Chrystie & Houston

Wake up, Mr. Fox

The London Fox wakes from his hibernation. The winter in New York was cold, harsh and long. A chink of light teases his eyelids open making him yawn. The murmur of traffic outside his New York apartment starts to clarify into a familiar street symphony. The regular march of car engines and the short hiss of the local bus starting and stopping play the percussion line. The harsh ambulance siren, so much louder than the London melody…crescendo then diminuendo. Against it, the brass band of car horns play purposefully out of rhythm to the time signature of the rest of the traffic.

The London Fox smiles. How he has missed the New York tune.

I’ve been busy exploring, tasting, hosting, capturing and hosting some more lately and have had little time to document all these experiences. It seems that when you move to New York you become some kind of hotel and tour guide to everyone you know. Well, that’s fine because it gives me an excuse to try new things.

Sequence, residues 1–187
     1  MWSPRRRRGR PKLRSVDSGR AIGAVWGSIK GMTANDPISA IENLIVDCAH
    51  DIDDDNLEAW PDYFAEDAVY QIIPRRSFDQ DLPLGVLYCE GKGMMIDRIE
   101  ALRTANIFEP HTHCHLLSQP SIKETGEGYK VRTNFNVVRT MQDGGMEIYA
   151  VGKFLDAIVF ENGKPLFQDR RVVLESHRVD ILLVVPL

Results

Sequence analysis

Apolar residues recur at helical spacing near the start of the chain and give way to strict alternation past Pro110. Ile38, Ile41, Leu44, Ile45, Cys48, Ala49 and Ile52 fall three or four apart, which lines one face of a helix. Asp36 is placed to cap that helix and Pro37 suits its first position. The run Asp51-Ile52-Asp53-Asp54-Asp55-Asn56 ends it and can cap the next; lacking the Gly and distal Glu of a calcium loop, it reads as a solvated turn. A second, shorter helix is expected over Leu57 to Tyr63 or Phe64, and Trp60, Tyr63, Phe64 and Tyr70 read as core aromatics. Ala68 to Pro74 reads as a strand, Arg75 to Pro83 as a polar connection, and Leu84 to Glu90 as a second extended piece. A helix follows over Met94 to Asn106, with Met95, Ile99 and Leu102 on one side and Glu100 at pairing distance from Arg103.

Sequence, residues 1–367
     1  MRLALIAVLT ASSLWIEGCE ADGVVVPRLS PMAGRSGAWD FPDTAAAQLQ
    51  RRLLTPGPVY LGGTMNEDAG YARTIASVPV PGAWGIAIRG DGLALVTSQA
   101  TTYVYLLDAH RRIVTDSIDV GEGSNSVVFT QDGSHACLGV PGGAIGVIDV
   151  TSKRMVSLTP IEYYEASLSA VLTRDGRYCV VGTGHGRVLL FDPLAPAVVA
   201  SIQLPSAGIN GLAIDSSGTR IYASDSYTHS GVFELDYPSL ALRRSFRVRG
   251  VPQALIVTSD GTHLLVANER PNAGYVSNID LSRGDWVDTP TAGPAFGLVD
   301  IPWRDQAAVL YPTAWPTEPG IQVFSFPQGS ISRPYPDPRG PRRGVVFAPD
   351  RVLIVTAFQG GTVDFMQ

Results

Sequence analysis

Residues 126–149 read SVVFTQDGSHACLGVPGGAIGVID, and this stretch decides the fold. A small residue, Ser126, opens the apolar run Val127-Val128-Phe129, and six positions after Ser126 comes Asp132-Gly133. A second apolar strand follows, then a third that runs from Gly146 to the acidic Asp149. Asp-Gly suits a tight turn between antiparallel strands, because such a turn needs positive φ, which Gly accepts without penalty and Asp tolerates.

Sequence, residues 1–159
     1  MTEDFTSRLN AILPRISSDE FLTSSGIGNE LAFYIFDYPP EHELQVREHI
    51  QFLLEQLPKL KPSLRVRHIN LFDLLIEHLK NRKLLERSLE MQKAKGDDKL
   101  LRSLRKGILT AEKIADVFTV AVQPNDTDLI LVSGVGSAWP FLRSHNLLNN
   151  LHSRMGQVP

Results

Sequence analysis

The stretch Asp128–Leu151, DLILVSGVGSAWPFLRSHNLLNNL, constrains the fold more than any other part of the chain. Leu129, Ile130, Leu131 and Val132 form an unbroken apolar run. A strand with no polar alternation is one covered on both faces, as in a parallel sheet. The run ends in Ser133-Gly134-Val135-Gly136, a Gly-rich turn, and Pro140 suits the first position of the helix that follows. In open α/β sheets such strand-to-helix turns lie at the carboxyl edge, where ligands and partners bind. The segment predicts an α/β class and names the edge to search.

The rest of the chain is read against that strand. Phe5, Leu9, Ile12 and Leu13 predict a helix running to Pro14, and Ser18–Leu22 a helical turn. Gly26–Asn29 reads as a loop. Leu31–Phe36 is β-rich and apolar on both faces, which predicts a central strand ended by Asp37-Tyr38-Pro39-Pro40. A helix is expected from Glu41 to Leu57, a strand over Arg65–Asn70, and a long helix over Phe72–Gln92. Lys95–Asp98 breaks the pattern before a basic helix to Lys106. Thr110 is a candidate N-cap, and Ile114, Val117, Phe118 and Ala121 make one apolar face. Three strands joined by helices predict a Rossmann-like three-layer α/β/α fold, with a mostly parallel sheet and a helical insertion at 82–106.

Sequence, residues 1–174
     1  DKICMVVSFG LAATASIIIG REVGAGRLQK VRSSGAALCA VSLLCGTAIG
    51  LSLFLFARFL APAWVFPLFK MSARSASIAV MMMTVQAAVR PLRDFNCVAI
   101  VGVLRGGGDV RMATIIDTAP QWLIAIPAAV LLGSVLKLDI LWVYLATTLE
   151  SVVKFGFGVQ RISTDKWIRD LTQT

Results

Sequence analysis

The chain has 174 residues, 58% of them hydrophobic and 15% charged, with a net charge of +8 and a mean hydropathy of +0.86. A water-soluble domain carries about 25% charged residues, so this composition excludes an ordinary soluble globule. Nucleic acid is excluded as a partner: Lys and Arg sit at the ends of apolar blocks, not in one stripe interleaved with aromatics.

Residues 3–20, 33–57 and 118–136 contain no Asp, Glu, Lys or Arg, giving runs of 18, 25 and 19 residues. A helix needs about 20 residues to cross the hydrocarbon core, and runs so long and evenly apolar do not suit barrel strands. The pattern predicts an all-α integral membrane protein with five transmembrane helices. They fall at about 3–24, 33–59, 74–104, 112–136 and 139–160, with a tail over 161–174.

Spring has almost ended here in NYC, and the Summer promises to be hot and humid and full of pleasurable offerings. Speaking of which, I wanted to write about one particularly great restaurant of which I have become somewhat of a regular patron.

Catch sits on top of a makeup store in the middle of the Meatpacking district (a glossy, pretentious spot where models and bankers frequent). A part of the EM Group empire, who is responsible for most of New York’s hotspots, Catch is predominantly a seafood restaurant with a random top floor bar.

Fish tacos

The great thing about Catch is how cool it is. Not too try-hard, with just the right amount of bare-walled New Yorkness. And oh, the food is delectable. One side of the menu offers sharers, while the other serves larger portions of fish. The cuisine is mainly Japanese sushi/robata with a few curve balls kicked in like fish tacos and lobster. The closest thing we have in London is probably Roka (which I love).

Cook-it-yourself wagyu beef

I’ve been to fancier places, I’ve been to cooler places with better food. However, if I were to take a group of people out here in the City for a nice dinner, Catch is the first place that comes to mind.

The lobster mash – to die for

W13th & 9th

The Dinner Bell

The London Fox swoops down the grimy steps at the 47-50th street subway. In this underground city, he feels at home when presented with the familiar sights of tracks, signs and stairs and the smell of soggy concrete. But somehow, he is lost. With no colour coded lines to rely on, he looks at the subway map, and tries to figure out how on Earth he is to reach his destination.